While everyone’s been feeling the excitement over NASA’s ongoing exploration of the Martian surface, the space agency has deeper pursuits in mind for the future. NASA’s particularly interested in exploring the caves of Mars; for both simple enlightenment and the search for life. Now, to aid in that search, Boston Dynamics’ “Spot” robo-dogs may be joining the effort. And they’re already pretty dang good at their jobs as autonomous explorers.
Boston Dynamics recently uploaded the video above of NASA scientists using a trio of Spots to explore “Martian-like” caves. For those unfamiliar—we wish we were as blessed as you—Boston Dynamics’ Spot is a frighteningly capable quadrupedal robot. One that’s able to dance, fire paintballs to make art, and hunt down bomb suspects. (In general, it’s a robot that moves like a dog. But in a much creepier way.)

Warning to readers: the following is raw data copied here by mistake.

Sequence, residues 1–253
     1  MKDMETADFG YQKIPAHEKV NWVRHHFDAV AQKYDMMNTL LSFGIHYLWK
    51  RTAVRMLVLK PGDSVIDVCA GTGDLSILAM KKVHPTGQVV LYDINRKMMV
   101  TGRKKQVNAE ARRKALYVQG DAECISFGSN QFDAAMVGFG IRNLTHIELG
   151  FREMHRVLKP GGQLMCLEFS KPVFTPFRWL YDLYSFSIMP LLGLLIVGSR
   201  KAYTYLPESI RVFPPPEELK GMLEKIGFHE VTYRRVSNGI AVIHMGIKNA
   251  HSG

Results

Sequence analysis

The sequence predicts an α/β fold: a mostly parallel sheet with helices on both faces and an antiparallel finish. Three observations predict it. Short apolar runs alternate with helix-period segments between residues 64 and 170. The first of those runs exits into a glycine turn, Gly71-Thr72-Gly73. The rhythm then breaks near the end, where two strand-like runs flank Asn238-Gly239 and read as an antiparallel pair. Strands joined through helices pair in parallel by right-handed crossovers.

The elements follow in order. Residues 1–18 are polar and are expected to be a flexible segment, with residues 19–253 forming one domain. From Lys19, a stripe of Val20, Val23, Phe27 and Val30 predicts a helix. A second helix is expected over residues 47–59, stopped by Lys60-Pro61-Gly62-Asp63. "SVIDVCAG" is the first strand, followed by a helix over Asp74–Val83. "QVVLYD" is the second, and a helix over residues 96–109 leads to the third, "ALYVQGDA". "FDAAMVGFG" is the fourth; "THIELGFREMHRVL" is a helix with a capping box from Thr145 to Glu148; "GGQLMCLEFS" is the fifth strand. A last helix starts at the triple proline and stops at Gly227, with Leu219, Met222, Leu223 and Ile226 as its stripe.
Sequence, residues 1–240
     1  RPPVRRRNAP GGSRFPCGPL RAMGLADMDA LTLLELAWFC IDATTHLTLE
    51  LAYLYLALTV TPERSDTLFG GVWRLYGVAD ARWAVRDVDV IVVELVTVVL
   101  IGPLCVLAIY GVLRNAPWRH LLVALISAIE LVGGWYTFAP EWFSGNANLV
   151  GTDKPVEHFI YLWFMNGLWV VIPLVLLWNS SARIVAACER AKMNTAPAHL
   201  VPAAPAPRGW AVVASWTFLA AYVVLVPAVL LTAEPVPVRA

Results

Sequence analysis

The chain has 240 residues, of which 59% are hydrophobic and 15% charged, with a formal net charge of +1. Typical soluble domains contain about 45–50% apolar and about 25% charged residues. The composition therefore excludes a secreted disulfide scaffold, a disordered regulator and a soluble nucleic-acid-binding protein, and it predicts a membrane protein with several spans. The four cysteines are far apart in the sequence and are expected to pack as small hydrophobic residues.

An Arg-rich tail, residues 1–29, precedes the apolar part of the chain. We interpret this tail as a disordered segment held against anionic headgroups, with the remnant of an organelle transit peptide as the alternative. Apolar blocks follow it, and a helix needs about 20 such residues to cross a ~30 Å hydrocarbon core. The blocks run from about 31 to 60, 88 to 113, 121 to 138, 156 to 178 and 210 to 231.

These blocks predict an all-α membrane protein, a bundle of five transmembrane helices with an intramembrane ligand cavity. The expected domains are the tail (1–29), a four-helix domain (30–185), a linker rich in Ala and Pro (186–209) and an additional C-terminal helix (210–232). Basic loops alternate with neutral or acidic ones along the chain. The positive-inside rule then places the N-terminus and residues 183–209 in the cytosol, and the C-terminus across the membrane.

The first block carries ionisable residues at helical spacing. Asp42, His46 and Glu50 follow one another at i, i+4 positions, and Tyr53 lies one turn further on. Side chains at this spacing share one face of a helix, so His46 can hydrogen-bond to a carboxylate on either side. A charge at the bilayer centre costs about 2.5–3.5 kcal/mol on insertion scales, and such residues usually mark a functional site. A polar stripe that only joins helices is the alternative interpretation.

In this instance, the NASA scientists tested three Spots as “autonomous” explorers in caves that were hundreds of feet deep. The Spots, as the video shows, were able to carry a significant amount of scientific instruments, as well as navigate over a bevy of natural obstacles. The robots, which find their way using onboard AI, were also able to map the caves and send that data back to a base station.
On top of that, the Spot dogs are able to work in unison to collect scientific samples. In the video, for example, Boston Dynamics shows how one Spot can use its robot “arm” to capture swabs of interesting material and then load it into a mobile lab on the back of another Spot.
It’s unclear what the next near-term step is for the collaboration between NASA and Boston Dynamics, unfortunately. But it seems obvious enough that there is a strong urge to find out what’s going on underneath the Martian surface. Which actually makes a lot of sense considering the same people interested in space are also interested in tunnels.
Feature image: Boston Dynamics